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About IronLion

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    Aae Mil Gursikh Aae Mil

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  1. Thanks for the great information!!
  2. Hello, I was curious if there are any groups of followers of Guru Nanak who do not necessarily follow the teachings of the full Guru lineage. Waheguru Ji Ka Khalsa, Waheguru Ji Ki Fateh -I.
  3. Hey everyone, I appreciate all the replies. It has been quite helpful and also clarifies for me when I read that God has form, but is formless in the same line. Thank you all for helping this make sense to me! Waheguru Ji Ka Khalsa, Waheguru Ji Ki Fateh -I.
  4. Hello... From my readings I understand God to be formless and genderless and incomprehensible. However, I have read in a couple placed that God created man in his image. How could humans be the image of God when God is formless and present in all of creation. To me it makes sense that God would be formless because this whole of creation is God and a manifestation of God. God isn't just a human figure sitting somewhere making the world go round. Can someone elaborate on this notion that God created humans in God's image? Thanks! Waheguru Ji Ka Khalsa, Waheguru Ji Ki Fateh -I.
  5. IronLion


    I think you just summed it up perfectly. The best thing you can do is be an example and as the child grows up he will be influenced by you as an example. I have two perspectives on this though: 1) from an adult convert to Sikhi and 2) as a parent of a baby whose mother is not Sikhi. First, I am Sikhi now, but I am 34 and have only been Sikhi for several months. I have always been "spiritual" starting as a child and have a long, maze-like, journey from being raised Christian to bouncing from atheism to Judaism to Buddhism (for the longest stretch) and now Sikhi. I wouldn't have been ready for Sikhi before now. I don't even think I knew about Sikhi until I was in my late 20's when I met a Sikh for the first time in my life and still didn't really know what Sikhi was. I still found Sikhi for myself though! This is Waheguru's plan for me - everything has a reason. The important thing now is that I am on the Sikhi path and for me to stay on this path. Second, I have a baby and that means thinking about the future for my baby. My fiance (his mother) isn't very spiritual, but her family is Catholic and she wants to expose him to Catholicism. I'm OK with that as long as I am able to expose him to Sikhi, as well. It is completely non-traditional and I know many here will probably shake their heads about that, but I am OK with it. I wasn't raised Sikhi, but I am now and I think the path I took set me up to be Sikhi and as I said, I don't think I would have been ready at an earlier age. My main plan is to lead by example. If he chooses Sikhi at an early age - great, if he finds it later in life - good, if he never finds it this life, well that is Waheguru's plan and I will accept it. As you said earlier, it's all Waheguru's hukam. I find myself saying that a couple times every day! I hope that my take from my couple perspective is helpful. I thank Waheguru daily for letting me find Sikhi - I hope that your new brother finds it, as I hope my son also finds it. Waheguru Ji Ka Khalsa, Waheguru Ji Ki Fateh -I.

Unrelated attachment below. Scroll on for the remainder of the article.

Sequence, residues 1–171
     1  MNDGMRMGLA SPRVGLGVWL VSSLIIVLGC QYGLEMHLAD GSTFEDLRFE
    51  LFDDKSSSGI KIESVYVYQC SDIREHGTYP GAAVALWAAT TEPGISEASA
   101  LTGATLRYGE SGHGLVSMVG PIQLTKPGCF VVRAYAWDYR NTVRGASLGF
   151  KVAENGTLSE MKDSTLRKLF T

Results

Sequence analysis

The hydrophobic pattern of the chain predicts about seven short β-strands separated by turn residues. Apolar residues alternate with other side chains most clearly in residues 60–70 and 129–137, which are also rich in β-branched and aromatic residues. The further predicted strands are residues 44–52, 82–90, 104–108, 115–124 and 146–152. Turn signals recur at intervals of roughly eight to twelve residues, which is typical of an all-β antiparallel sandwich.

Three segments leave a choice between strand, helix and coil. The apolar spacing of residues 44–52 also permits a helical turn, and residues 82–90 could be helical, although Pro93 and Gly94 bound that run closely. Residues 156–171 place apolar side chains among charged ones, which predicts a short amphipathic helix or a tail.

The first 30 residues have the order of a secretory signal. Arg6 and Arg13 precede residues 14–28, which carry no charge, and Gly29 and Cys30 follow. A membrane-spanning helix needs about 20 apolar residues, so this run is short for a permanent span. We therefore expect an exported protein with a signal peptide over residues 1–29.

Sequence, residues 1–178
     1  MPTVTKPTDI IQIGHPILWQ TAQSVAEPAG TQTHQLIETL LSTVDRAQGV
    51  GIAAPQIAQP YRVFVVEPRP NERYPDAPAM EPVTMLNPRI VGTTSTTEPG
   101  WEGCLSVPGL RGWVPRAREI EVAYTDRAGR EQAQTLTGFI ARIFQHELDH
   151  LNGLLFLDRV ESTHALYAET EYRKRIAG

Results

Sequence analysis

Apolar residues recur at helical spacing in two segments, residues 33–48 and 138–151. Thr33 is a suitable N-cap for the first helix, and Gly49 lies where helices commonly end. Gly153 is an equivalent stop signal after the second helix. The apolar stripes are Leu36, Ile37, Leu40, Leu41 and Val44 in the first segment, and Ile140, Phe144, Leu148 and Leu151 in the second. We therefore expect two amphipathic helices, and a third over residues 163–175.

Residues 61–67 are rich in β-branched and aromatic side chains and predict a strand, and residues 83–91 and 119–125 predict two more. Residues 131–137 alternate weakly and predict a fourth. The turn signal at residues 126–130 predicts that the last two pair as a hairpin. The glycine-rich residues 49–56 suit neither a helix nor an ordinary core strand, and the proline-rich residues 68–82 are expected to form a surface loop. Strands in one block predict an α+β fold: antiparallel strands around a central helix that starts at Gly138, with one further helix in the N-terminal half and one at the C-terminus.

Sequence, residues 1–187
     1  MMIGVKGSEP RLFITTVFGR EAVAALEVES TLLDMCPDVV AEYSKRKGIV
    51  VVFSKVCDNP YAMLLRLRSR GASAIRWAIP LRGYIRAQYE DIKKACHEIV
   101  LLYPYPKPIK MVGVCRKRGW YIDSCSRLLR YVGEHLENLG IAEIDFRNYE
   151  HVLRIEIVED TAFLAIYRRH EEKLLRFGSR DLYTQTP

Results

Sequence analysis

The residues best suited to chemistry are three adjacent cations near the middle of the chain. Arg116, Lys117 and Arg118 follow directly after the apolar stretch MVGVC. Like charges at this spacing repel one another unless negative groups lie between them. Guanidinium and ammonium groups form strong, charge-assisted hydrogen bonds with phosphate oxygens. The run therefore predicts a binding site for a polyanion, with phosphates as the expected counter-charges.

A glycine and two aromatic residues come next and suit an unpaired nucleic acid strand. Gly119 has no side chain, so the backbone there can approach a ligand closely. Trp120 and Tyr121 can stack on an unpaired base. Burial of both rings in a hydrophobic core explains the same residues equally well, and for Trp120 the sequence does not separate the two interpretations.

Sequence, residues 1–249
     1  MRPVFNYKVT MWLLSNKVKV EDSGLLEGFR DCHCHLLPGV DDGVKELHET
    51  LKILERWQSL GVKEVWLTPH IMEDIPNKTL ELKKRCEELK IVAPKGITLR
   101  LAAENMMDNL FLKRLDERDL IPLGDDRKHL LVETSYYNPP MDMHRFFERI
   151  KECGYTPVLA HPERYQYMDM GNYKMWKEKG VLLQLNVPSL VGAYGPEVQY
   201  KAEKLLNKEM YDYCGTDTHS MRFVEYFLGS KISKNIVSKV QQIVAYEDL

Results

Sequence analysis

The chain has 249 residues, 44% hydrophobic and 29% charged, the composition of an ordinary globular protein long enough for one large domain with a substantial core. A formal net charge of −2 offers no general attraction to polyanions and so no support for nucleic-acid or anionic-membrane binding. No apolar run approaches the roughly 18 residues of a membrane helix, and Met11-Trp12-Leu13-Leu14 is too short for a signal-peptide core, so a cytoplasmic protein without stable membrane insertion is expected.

6. IronLion


    Thanks, that makes me feel better. Most mornings I just listen to the banis, but a couple mornings each week I read along while I listen. -I.
  7. IronLion